RE: Archaeology and Mormonism (incidental to liberal theology)

From: Dr. Blake Nelson (
Date: Thu May 16 2002 - 15:59:16 EDT

  • Next message: Michael Roberts: "Re: Archaeology and Mormonism (incidental to liberal theology)"

    Okay, I'll bite briefly, merely to try to once more
    dispel the either/or demand.

    --- Glenn Morton <> wrote:
    > Moorad wrote:
    > >Does anyone take seriously any claims made in the
    > Book of Mormons
    > >regarding historical or archeological events?
    > Moorad
    > I waited a day to see if anyone would stand up for
    > this book. It appears
    > that everyone believes it is historically and
    > archaeologically false.
    > Therefore, it must teach great truths about God and
    > his dealings with
    > people. That is my one-liner for today.

    I don't think anyone has said this.

    I agree with you more than you might want to admit,
    but you sort of read around those points and caveats
    in my posts.

    My point has been and continues to be that particular
    details in some books of the Bible are not dispositive
    of the truth of the Christian message. There are lots
    of theologians, rightly or wrongly, who find the Old
    Testament important only because it was scripture to
    those who composed the early Church, including Jesus.

    I do not belong to that camp, although by the same
    token I do not hold that were large chunks of the OT
    demonstrably false that that would invalidate per se
    the New Testament witness to the life and resurrection
    of Jesus.

    I completely agree that if a book, which purports to
    be a unitary book and make truth claims about
    something is demonstrably false, then that would
    undermine the entire contents of the book. (Gasp,
    surprise). I have not studied the Book of Mormon, but
    if they have the history and archaeology of
    pre-Columban America wrong, that would be a serious
    blow to the claims of the rest of the book.

    However, my points about the Bible and Concordism are
    of a different variety. If I were to try to formulate
    a principle of verification it would be that of
    multiple measures and indicators or triangulation if
    you will to assess the veracity of something. This
    leans more to social science methodology that deals
    with messier things than the hard sciences, like human
    behavior. I think religion falls into this category.
    I eschew using only one measure to try to assess
    something simply because I don't think any one of our
    particular measures are very good. Therefore, you
    look for correlations between your multiple indicators
    to see if things add up. I could formulate it more at
    length, but that is the general gist.

    My main points continue to be:
    1) There is no basis for considering that Genesis 1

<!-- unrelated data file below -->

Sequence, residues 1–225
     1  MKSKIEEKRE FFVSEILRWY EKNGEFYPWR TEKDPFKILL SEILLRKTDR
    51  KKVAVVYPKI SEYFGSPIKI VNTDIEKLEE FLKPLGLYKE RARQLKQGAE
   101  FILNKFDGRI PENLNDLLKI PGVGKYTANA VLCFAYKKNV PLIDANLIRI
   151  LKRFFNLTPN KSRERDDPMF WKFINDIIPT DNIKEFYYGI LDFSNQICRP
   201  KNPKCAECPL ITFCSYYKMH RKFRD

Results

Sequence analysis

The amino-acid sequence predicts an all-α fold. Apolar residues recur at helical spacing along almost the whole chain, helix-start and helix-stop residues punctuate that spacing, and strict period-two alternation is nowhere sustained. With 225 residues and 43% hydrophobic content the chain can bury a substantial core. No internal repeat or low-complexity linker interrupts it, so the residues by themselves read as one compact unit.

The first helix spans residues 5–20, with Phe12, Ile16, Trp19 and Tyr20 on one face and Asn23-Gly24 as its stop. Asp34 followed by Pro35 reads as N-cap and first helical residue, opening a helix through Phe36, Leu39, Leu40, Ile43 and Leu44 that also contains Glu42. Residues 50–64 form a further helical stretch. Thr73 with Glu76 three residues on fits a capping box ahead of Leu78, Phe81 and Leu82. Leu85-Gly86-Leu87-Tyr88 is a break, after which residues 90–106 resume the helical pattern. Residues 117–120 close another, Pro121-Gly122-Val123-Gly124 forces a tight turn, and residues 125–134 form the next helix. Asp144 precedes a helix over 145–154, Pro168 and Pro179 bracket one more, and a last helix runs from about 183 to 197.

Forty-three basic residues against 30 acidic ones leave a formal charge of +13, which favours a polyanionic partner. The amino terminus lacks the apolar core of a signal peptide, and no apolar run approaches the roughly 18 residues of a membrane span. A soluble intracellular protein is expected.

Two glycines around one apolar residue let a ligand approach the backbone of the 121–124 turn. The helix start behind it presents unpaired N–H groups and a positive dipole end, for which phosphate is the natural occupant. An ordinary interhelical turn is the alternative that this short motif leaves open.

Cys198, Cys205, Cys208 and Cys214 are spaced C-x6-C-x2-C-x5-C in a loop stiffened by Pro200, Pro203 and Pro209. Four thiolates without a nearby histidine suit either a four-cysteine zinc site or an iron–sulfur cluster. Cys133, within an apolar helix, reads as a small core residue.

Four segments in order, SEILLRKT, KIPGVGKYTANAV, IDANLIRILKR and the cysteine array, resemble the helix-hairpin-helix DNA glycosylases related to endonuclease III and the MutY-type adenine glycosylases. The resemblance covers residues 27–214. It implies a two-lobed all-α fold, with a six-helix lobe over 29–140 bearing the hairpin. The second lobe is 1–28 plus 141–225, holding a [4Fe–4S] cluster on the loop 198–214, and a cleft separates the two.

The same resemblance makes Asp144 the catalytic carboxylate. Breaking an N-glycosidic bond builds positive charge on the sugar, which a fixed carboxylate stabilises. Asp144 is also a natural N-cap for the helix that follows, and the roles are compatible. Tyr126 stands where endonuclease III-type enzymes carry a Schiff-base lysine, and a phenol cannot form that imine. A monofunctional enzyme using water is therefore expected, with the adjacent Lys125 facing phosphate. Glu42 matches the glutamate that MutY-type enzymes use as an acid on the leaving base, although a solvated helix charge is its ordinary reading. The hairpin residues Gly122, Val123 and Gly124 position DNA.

was written as a scientific document, so treating it
    as such runs a danger of assuming too much or too
    2) The New Testament witness to Jesus is of
    predominant importance to the Christian faith.
    3) If some parts of the Old Testament are
    demonstrably false (and I have never said that I think
    they are), that does not mean that Christianity or the
    Christian conception of God is false.
    4) The unique revelation of Christ as discussed in
    the New Testament introduces some very new ideas about
    God that on their face seem to go against what some
    Old Testament prophets believed God to be, e.g., a
    suffering Messiah (anticipated primarily by Isaiah),
    rather than a conquering Messiah. I do not see that
    this makes those parts of the Old Testament that
    predict a conquering Messiah wrong, merely partial or
    5) There is no such thing as a literal meaning to any
    of the texts we have -- without succumbing to
    post-modernism -- the point is well taken that
    depending on how you approach certain texts, you will
    get different answers. This is simply how language
    works and how people form meanings from language.
    6) The Bible, as an historical witness of God by many
    people, is a compilation of a variety of multiple
    indicators from a variety of very different
    philosophical perspectives. Ecclesiastes is
    practically nihilistic. Other parts are triumphalist,
    etc. There is something to be gleaned from God viewed
    through these different human lenses on the nature of
    life and God's outworking in history. All the
    descriptions of God do not have to be and indeed,
    should not necessarily be, interpreted through the
    same exegetical lens.
    7) For all the foregoing reasons, the Bible cannot be
    treated as a unitary document, as it is a cannonical
    assemblage of texts by the Church.

    What is illogical is to require one particular
    criterion or set of criteria to judge the veracity of
    a religious tradition. With something so complex, the
    question is one of multiple indicators.

    > Have a nice day. I won't respond cause I want
    > to merely think about
    > the above illogic as applied to other religious
    > books.
    > glenn
    > see
    > for lots of creation/evolution information
    > anthropology/geology/paleontology/theology\
    > personal stories of struggle

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